Let it Snow?

As adults, we romanticize snow. We look back with fondness on snow days, sledding, hot chocolate, and an unexpected day off. We might remember turning our pajamas inside out in the hopes that the School Closure Gods will take pity on us and declare a snow day.

Once we become parents, we see that snow days can be far more complex than how we remember them from our mind’s eye. Snow days now mean logistics: will work close? If not, who can take care of the kids? Is it safe to drive? How will the kids be entertained? How will I meet my deadlines? Underscoring all of this is the wish to get a day off and to make it special for your kids.

Depending on snow amounts and conditions, what might start as a fun day off, might turn into days of cabin fever. If you live near others, seek out impromptu play dates, or at least the occasion to have a change of scenery (for both you and your kids).  Simplify all that you can–dinner doesn’t have to be gourmet, the schedule can be more relaxed, and hopefully homework from the day before has already been completed. Take some time to play–build snow people, have a snowball fight, go sledding, or just try to walk in the snow. All of the above are great sources of exercise, which can help with cabin fever, and any annoyances that might have built up from being in an enclosed space with your kids for too long.  Know that everyone gets frustrated–not having a routine and being cooped up can make anyone feel like they are losing their marbles. Take a deep breath or go into another room (even a bathroom) if you feel like you are about to lose it.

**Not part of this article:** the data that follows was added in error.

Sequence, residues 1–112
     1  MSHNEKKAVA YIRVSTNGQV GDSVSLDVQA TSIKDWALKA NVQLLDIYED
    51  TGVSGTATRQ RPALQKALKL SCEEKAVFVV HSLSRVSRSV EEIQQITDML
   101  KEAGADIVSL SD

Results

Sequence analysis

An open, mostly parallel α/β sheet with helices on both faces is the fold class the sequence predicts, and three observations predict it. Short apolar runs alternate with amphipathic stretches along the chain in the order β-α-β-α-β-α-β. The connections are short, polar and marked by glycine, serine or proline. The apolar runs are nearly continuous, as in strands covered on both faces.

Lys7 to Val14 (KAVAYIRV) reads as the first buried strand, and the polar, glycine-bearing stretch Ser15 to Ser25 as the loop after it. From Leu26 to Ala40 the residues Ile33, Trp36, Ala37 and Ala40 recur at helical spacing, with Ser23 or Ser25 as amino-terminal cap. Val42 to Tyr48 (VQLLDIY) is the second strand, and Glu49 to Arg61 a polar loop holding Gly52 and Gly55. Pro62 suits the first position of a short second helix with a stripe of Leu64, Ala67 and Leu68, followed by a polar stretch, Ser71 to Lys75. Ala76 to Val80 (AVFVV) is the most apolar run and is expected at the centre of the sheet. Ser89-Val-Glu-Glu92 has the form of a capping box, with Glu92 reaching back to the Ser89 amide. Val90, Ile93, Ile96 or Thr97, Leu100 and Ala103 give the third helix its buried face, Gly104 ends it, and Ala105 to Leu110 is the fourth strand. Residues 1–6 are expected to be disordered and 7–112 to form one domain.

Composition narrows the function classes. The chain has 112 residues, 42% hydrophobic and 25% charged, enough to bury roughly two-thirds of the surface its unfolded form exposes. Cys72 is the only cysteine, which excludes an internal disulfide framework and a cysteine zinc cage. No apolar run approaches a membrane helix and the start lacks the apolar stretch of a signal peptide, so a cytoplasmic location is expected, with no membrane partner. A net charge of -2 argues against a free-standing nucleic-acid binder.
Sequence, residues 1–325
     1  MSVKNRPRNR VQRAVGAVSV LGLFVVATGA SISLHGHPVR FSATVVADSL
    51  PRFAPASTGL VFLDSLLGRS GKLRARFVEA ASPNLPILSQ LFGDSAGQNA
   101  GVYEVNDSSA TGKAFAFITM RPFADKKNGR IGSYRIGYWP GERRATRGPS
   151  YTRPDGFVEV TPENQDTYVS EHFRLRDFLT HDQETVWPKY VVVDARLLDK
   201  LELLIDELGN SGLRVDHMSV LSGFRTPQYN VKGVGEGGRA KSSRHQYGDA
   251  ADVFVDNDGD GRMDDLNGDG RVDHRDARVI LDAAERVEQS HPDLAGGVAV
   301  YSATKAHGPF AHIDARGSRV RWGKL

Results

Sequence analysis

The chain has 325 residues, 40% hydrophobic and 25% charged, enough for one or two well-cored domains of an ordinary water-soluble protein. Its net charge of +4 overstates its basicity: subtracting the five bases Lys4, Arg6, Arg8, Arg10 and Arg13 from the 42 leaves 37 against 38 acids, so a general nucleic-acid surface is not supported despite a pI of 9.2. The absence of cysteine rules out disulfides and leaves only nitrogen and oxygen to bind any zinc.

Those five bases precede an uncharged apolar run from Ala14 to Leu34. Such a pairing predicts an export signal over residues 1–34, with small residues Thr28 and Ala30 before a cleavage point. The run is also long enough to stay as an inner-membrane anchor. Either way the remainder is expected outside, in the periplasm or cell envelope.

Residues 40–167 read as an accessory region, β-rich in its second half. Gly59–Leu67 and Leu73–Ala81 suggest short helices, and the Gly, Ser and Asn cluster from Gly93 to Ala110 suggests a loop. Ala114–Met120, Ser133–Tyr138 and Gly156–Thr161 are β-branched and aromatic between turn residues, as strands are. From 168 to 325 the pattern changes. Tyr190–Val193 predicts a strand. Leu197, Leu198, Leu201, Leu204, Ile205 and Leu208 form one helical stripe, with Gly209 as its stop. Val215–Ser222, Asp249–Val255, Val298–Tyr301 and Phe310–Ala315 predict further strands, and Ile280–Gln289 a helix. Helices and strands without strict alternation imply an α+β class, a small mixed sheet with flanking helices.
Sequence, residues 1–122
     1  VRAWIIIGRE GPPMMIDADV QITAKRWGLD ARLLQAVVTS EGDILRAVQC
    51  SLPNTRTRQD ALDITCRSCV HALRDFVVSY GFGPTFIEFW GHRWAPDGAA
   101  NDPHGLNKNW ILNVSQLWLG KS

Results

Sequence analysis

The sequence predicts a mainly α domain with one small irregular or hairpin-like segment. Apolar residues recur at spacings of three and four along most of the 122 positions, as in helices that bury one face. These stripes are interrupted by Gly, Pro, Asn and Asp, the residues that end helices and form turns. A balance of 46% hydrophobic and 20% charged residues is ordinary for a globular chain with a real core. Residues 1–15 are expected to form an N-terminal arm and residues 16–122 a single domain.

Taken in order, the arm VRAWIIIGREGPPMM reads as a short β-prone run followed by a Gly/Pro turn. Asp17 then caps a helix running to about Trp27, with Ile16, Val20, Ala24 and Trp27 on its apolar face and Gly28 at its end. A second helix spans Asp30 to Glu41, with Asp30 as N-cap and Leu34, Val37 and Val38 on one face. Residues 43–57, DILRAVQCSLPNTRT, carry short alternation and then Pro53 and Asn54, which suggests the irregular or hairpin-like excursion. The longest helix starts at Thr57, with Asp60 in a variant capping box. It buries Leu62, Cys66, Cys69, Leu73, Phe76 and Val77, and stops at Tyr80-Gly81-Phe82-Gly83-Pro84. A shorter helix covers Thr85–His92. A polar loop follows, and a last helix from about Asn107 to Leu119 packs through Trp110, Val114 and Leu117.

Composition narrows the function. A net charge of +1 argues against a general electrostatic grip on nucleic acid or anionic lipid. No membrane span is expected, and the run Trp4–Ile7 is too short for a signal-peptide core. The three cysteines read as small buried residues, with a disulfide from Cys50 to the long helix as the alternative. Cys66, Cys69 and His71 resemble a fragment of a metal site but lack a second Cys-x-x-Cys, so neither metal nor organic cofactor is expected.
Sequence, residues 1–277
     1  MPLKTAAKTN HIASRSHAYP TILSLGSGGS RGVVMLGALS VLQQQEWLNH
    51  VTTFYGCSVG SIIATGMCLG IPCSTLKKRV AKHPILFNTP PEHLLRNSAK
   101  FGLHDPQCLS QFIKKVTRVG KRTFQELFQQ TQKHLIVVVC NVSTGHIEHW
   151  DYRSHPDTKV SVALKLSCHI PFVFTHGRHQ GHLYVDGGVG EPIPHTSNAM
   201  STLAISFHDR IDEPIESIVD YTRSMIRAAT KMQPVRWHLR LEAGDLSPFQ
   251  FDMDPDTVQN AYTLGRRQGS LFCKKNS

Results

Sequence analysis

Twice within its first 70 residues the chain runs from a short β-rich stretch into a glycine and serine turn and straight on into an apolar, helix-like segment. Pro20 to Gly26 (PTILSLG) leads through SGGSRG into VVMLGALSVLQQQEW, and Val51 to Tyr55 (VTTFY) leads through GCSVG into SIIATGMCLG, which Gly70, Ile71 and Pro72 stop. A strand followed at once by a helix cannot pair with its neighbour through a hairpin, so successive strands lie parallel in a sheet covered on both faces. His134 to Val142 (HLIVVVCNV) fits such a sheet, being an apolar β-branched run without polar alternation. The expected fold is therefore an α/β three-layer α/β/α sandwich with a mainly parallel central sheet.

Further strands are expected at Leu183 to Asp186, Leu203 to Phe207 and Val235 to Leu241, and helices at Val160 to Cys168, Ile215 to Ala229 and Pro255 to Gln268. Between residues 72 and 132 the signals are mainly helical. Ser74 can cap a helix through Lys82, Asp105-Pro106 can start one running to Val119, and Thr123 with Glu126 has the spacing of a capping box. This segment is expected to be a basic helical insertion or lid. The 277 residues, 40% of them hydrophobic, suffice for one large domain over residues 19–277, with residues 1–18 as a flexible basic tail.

Then, when it’s time to go to bed, know that it’s OK to pray that school will resume tomorrow.